Chinese Facial Recognition Data Exposes 2.5 Million People

Chinese Facial Recognition Leak

Chinese Facial Recognition Leak Exposes 2.5 Million People

Facial recognition and personal data of over 2.5 million Chinese citizens was exposed by an unsecured facial recognition database. The data was being stored by SenseNets, a Chinese company that specializes in artificial intelligence and facial recognition. The exposed data includes ID card number, 24 hours of individual’s location data, gender, nationality, address, pass photo, birthday, and employer.

The data leak was discovered by Dutch cyber security researcher Victor Gevers, an employee the GDI Foundation. Access to over six million records that contains the whereabouts of over 2.5 million people is a treasure trove for hackers. It’s also is a reason to be wary of facial recognition applications.

How Does Facial Recognition Work?

Facial recognition is any system used to recogn human faces using biometrics and other technologies. With facial recognition, facial features are mapped from photographs and videos and stored in a database. When used for identification, the information in the database is compared with real time scans of crowds that are analyzed for facial texture and shape patterns. The goal is to match a known person in a database with someone on the street.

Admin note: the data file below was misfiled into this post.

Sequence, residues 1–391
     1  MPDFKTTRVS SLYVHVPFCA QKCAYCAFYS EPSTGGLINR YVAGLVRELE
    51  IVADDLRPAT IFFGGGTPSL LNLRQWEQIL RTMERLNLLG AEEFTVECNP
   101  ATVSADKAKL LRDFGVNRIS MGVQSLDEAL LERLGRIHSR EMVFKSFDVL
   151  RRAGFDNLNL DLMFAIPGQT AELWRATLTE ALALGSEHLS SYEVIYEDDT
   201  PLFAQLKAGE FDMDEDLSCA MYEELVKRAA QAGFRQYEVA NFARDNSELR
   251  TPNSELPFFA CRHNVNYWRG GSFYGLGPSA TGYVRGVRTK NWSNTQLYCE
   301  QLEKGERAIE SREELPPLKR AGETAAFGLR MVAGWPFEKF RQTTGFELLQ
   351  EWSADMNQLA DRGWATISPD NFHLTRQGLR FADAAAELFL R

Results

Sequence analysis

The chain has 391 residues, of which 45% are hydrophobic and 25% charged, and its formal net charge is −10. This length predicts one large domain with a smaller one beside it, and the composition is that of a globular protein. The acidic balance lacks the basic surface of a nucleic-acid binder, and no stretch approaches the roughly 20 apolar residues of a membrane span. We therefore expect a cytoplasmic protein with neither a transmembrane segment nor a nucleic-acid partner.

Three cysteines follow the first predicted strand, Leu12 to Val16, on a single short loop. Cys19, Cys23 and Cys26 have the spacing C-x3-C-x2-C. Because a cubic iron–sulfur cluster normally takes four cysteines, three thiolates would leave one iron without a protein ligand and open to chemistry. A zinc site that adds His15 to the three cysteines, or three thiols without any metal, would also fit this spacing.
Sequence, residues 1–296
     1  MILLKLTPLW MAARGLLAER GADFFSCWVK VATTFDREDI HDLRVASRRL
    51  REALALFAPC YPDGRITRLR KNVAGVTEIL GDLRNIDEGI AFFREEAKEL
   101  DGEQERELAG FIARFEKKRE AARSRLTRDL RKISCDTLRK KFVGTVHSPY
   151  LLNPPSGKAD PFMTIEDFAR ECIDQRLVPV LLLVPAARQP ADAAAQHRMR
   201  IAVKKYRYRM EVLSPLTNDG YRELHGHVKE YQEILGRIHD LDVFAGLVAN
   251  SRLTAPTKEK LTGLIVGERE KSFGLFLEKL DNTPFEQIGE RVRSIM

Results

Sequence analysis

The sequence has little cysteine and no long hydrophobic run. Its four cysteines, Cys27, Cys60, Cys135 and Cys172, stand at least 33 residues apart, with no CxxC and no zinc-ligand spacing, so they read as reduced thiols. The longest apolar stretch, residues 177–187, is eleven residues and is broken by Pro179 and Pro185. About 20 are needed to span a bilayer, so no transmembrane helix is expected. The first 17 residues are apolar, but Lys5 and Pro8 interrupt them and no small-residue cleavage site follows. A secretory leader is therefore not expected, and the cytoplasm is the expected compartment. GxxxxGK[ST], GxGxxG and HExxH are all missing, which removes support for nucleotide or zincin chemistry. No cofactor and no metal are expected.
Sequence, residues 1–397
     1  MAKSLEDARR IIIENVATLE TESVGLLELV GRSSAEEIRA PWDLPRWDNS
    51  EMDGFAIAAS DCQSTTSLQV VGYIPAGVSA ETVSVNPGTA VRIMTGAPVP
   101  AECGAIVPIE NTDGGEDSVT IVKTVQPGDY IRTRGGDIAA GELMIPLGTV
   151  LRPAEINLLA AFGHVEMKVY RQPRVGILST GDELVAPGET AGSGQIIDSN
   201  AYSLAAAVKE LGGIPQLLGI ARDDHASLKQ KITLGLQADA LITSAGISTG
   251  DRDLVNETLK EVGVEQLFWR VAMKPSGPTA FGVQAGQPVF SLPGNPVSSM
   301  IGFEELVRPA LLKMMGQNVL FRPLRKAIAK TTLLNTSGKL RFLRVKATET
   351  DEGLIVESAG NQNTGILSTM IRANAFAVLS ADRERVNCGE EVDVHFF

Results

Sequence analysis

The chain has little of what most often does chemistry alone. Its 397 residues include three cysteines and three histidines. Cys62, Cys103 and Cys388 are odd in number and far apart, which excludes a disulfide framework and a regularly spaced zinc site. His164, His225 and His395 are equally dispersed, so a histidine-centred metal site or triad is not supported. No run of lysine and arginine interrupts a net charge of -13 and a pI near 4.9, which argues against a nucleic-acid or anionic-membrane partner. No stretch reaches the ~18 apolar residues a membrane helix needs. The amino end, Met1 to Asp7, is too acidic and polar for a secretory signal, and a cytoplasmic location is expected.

Facial Recognition
Facial Recognition

Critics of facial recognition caution that the accuracy of facial recognition systems is lower than the accuracy rates of other biometric systems like iris recognition and fingerprint recognition. However, facial recognition is accepted because it is contactless and considered non-invasive. Still over 400 banks in China are using facial recognition including the Bank of China and China Merchants Bank.

How Hackers Use Facial Recognition Data

Hackers can use the personally identifiable information in the database and especially the location data to establish fake identities. It is possible to combine data from multiple breaches to when you have something in your dataset like national identity card numbers. Hackers can then construct complex identity profiles of victims. Armed with millions of records on real people, they can open up lines of credit, banking relationships, and hack at other login credentials.